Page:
How to Raise a God’s Girl

The Importance of Fun – MBFLP 224

Who said school can’t be fun? This episode, we sit down with our friends Roger and Jan Smith, long-time homeschool parents and leaders in Louisiana. The topic is simply, “Fun” – what it can do to create memories, bond family members, and make learning a lot more enjoyable for parents and students alike!

Recently we visited with Roger and Jan Smith, leaders in the Louisiana homeschool community and dear friends of ours. One evening our family and our friends were playing a fast-paced game together, laughing hysterically, and thinking about what an important, bonding thing that is.

We were noticing how well our teenagers interacted with the adults in the room, and the obvious respect going in both directions, and we were talking later about how the shared experiences build that sort of relationship. They’re more and more important as we all become more individualized and isolated, focusing on our work and entertainment through private screens—even when we’re in the same room, we’re not interacting.

That’s one reason we love audiobooks when we’re driving or working together, because the whole family can share that experience and have a basis for conversations later. It’s a good reason for reading aloud together, even when the children are reading well on their own. We try and make intentional choices to do things together so in later years, our adult children will have memories that draw them back to their family home.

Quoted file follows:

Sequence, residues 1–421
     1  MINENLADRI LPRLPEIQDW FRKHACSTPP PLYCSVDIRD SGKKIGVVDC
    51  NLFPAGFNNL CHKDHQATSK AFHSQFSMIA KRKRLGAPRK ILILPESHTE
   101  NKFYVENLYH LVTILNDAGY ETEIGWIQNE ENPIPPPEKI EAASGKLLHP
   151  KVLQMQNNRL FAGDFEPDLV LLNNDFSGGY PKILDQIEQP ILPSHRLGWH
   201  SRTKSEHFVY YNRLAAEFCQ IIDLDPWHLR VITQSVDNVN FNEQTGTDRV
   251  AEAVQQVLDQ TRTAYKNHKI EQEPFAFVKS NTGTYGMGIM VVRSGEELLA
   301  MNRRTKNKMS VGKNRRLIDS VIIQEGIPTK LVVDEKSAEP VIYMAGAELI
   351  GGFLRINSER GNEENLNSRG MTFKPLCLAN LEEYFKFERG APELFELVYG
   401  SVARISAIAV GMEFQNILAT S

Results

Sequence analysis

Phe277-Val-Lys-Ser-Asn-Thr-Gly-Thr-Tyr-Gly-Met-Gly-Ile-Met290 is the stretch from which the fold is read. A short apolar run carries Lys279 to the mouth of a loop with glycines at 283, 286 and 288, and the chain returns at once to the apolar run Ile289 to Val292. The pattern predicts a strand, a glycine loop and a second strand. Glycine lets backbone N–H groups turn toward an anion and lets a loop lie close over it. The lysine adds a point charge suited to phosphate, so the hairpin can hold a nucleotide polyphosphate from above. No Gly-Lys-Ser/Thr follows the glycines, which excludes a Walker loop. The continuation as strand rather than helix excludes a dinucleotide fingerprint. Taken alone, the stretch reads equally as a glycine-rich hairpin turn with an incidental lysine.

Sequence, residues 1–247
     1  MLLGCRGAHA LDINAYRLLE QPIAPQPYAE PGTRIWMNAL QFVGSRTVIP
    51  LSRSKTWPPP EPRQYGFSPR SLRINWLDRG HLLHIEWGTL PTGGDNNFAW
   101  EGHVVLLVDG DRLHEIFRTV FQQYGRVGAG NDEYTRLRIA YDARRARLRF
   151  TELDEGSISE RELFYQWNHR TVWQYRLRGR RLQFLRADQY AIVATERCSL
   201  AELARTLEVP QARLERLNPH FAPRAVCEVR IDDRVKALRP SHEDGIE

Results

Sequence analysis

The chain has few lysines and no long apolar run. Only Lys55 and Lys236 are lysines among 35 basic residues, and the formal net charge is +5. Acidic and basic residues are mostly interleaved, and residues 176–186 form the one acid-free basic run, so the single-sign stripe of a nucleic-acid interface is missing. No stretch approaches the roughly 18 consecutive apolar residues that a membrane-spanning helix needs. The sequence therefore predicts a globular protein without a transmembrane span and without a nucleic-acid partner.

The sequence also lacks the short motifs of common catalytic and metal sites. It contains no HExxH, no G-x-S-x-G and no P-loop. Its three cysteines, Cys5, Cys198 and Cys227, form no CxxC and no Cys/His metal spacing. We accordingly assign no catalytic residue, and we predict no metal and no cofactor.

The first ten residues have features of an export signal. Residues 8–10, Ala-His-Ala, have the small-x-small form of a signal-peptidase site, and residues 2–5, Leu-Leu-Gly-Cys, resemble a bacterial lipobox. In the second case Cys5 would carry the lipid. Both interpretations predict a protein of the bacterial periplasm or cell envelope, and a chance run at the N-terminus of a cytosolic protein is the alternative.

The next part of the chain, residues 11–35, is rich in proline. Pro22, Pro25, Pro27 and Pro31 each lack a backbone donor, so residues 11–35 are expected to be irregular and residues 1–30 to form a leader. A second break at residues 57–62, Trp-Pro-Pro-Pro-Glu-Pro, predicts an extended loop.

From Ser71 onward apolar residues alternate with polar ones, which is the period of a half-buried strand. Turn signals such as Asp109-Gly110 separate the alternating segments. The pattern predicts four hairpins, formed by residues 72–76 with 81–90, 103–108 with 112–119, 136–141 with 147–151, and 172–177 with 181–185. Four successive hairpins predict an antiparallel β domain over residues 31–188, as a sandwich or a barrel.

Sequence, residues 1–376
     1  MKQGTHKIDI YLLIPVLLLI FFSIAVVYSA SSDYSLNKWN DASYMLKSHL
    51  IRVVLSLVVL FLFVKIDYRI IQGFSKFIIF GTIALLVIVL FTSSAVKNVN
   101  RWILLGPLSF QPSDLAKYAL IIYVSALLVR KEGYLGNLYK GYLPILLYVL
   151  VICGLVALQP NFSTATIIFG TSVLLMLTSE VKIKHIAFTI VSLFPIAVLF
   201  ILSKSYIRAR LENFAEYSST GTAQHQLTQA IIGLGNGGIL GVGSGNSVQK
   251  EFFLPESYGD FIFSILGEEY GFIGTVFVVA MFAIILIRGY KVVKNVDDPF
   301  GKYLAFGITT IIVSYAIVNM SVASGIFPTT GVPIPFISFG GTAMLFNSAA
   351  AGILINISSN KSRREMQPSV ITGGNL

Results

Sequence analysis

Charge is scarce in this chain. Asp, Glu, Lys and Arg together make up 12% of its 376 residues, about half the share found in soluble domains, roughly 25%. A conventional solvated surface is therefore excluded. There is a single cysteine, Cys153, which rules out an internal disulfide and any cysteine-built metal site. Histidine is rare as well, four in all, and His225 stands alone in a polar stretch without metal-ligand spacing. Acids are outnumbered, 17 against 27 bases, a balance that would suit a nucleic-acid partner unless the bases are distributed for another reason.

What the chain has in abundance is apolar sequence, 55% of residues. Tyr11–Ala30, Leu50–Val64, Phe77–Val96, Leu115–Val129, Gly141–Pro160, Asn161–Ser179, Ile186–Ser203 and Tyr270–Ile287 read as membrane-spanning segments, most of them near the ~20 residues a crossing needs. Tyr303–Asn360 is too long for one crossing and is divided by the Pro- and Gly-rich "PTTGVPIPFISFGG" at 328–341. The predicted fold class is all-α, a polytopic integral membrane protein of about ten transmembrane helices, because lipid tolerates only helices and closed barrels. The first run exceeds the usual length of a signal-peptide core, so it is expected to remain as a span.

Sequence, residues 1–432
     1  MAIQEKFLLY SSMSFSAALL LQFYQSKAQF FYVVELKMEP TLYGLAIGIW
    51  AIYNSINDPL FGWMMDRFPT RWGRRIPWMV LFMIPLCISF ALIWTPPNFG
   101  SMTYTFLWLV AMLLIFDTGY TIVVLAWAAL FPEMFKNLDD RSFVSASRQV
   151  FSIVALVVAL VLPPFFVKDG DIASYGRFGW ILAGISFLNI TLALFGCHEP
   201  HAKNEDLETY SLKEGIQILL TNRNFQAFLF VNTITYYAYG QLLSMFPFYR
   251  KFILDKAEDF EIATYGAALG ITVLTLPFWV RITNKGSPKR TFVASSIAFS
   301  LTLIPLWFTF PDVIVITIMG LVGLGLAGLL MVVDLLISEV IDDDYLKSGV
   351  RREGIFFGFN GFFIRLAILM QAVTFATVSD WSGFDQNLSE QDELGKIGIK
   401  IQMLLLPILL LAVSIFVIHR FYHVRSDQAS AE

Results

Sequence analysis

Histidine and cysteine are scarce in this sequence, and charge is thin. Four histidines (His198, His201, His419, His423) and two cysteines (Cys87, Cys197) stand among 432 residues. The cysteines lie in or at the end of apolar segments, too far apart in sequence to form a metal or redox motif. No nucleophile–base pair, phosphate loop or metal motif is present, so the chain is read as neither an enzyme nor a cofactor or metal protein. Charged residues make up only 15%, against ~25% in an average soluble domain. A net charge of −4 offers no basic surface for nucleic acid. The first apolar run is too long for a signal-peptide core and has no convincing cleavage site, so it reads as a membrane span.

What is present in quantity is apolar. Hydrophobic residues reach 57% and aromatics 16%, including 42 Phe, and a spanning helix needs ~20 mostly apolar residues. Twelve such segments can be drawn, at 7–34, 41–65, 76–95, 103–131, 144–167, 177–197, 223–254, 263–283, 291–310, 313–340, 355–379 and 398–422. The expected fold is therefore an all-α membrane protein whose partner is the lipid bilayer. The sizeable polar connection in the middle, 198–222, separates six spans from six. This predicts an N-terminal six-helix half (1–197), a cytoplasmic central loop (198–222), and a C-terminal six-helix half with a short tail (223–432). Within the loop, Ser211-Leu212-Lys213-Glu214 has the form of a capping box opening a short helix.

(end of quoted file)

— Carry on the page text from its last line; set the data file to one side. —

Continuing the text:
Another thing we do is make a big deal over family holidays. Birthdays are an example. In our home, the one we’re celebrating gets to choose the family menu for the day. At supper, we center the conversation on memories of the birthday person. Afterward, we take turns sharing things we love or admire about them. It’s really touching – everyone loves being appreciated, and it’s very easy to overlook the chances to communicate that respect.

A Sense of Humor

Shared humor is another thing we look for. A study of newlywed couples noticed how they interacted, especially the moments of humor in the midst of a problem. It defuses situations and reduces tension if we can refer to a shared joke or inside story. It’s a sign of a healthy relationship if you can still smile, if you can still laugh, if you can lighten up in the midst of your stress. That applies to your kids as well as your mate!

In fact, that study really pointed out that our relationships are formed from the moments we share. Little things count. It’s not like you have to learn a new language to really score points with your kids. Instead, you just need to  hear when they speak, make eye contact, and come back with a positive response.

And that’s something you get a dozen times a day to do. If you miss one, just determine to catch the next. It’s something you can build up without feeling like you have to make a huge investment before you see any benefit.

(Listen in for more great ideas about building memories and relationships with your family!)